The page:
09 January 2014

Short piece with a long name

Before my present appointment as Music Director of my very own choir, it was my musical pleasure and honor to substitute frequently in the fine choir at First Church in Boston. The choir serve an historic Unitarian parish, and although it is nothing to my purpose to speculate upon the rarity of such occasions, of all the times when I sang there, I remember only one occasion when, in the course of the sermon, the minister read from the Bible. (Yes, that Bible.) The combination of the uniqueness of that incident, and the rich poetry which characterizes so much (not all, we never said all) of the Scriptures, had the effect of pressing the event upon my memory, and I made mental note of one of the verses, which struck me as eminently suitable for the title of a musical work.

Thus it is that the piece which I finished two evenings ago, for shakuhachi (the Japanese bamboo flute), handbell choir and tenor drum, bears the name When the morning stars sang together, and the sons of God shouted for joy.

My friend and colleague, Charles Turner, a fellow composer who continues to perform, as well, met with me in the Fall to demonstrate the shakuhachi. To the exquisitely evocative sound of the shakuhachi, I was no stranger; but it was the closest I have ever been to the instrument (and probably the first time I had been in the same room, since Wooster days). Various busy-nesses of the final quarter of the year intervened.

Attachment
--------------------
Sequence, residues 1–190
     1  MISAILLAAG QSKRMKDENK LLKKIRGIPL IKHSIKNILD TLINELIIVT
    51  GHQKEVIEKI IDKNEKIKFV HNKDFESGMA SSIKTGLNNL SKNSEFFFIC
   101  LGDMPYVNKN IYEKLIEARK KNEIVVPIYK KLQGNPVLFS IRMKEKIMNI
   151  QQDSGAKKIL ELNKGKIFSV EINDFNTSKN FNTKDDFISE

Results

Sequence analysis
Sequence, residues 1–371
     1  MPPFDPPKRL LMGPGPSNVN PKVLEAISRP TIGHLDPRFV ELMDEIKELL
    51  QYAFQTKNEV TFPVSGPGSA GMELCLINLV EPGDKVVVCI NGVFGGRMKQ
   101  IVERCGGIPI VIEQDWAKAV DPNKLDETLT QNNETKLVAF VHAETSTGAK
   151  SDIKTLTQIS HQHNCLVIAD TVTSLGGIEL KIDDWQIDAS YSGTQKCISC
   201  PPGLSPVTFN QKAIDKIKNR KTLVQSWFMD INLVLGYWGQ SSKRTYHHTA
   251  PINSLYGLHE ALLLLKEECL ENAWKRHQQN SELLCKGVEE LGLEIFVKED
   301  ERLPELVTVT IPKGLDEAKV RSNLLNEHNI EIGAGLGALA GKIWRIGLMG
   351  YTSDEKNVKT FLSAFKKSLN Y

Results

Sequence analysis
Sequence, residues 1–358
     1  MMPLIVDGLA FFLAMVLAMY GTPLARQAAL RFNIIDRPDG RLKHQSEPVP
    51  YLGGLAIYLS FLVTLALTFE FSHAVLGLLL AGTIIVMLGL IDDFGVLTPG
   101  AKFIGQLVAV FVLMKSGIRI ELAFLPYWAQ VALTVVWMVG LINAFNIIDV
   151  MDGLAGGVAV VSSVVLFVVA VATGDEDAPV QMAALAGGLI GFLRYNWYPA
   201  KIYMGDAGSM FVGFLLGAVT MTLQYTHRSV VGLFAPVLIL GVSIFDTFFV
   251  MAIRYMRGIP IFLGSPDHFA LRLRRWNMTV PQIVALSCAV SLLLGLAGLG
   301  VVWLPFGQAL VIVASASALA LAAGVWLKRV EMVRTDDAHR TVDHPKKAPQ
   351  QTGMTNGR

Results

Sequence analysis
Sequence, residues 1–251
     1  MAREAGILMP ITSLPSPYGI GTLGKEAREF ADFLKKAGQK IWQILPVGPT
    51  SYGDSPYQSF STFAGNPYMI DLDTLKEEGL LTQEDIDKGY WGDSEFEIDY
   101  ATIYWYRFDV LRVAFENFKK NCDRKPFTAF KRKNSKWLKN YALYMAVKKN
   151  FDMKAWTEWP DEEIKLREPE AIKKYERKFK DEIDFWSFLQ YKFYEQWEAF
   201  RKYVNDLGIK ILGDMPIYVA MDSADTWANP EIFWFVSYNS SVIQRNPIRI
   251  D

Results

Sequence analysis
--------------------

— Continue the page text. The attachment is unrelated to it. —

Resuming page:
But this past Sunday, when Charles, fellow composer Jim Dalton and I met for organizational work on the coming concerts, Charles gave another demo. That sonic reminder, and the fact that, now that the Christmas services are done, we need fresh material for the handbell choir, inspired me to write the piece.

The top of this page is a draught of material in Jazz for Nostalgic Squirrels; but immediately below is the start I made on When the morning stars sang..., starting with figuring out how many bells our hands could accommodate. The pitch world of the bells is a scale with no perfect octave; that is, as the scale ascends, the interval pattern begins again at the minor nInth.

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